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In order to describe accurately the features of a particular plant, botanists have developed a generally accepted set of terms and criteria. There are descriptions covering characteristics of all parts of plants, such as leaf shape, shape of stem/bulbs, covering and colour of leaves, flowers, etc.
The main contributors to the terminology were C. Linneas, especially his Philosophia botanica (1751) and J. Lindley almost a century later. An excellent presentation of botanical terms, descriptions and the botanical language is provided in William T. Stearn Botanical Latin Timberpress paperback edition 2004. The following draws on some of that material as used in describing orchids.
It should be noted that the use of Latin by botanists in describing plants has now been replaced by English.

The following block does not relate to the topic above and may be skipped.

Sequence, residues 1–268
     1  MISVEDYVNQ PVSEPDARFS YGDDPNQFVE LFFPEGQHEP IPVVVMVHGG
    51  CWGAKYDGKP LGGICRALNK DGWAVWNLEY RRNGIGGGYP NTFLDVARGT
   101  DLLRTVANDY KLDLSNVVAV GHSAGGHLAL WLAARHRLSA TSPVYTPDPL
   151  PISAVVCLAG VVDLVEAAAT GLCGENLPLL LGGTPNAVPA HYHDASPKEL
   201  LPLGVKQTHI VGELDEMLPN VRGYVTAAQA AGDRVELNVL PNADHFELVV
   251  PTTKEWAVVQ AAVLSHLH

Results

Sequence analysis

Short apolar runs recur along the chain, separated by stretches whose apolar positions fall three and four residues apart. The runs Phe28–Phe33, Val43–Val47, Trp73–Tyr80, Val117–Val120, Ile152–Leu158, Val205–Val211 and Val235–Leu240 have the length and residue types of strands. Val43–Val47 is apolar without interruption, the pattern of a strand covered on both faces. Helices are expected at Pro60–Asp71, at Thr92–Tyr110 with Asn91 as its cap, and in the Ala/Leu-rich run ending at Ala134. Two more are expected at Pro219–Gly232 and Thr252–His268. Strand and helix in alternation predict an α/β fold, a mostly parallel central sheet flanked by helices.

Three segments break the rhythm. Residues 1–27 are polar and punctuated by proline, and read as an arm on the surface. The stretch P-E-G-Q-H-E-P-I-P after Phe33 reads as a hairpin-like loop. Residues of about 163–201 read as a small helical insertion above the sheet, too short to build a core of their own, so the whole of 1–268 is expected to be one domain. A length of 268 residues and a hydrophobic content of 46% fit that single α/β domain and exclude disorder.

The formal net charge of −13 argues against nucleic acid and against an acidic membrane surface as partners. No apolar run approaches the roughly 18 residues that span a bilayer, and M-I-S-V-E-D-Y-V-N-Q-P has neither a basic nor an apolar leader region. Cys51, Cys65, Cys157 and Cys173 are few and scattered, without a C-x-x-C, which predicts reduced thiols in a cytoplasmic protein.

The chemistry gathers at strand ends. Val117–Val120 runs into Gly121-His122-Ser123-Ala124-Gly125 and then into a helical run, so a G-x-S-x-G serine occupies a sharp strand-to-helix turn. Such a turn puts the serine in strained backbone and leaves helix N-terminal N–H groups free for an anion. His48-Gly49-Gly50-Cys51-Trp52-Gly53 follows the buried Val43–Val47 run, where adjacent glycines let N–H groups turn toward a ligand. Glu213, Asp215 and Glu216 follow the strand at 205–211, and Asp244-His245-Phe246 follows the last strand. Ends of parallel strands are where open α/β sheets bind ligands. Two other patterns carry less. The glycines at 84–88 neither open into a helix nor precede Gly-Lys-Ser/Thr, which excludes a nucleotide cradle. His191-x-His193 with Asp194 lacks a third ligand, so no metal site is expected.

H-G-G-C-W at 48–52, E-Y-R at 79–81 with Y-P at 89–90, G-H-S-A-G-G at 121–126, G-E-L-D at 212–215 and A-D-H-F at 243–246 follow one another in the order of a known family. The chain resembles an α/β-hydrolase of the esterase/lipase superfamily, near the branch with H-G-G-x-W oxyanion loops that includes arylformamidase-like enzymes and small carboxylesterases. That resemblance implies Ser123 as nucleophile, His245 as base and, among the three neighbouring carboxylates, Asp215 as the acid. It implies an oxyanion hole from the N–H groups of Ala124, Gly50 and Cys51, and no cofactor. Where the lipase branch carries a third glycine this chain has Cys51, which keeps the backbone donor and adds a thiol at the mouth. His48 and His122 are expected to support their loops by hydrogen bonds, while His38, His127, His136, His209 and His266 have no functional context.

Orchid flowers show incredible variety in the shape of the individual flowers and the arrangement of those flowers. The following diagram illustrates the major forms of the flower arrangements. Examples are given of the orchids that have those particular forms.
A distinguishing feature of orchids is the variety of shapes of the pseudobulbs. Some common shapes are shown below, along with typical cross sections. It should be noted that that all orchids have pseudobulbs. Some pseudobulbs may be naturally ribbed, whereas in others the presence of ribbing indicates moisture stress.
Again, there is a wide range of shapes in orchid leaves. Many of the common shapes are illustrated below, including several illustrative cross sections.
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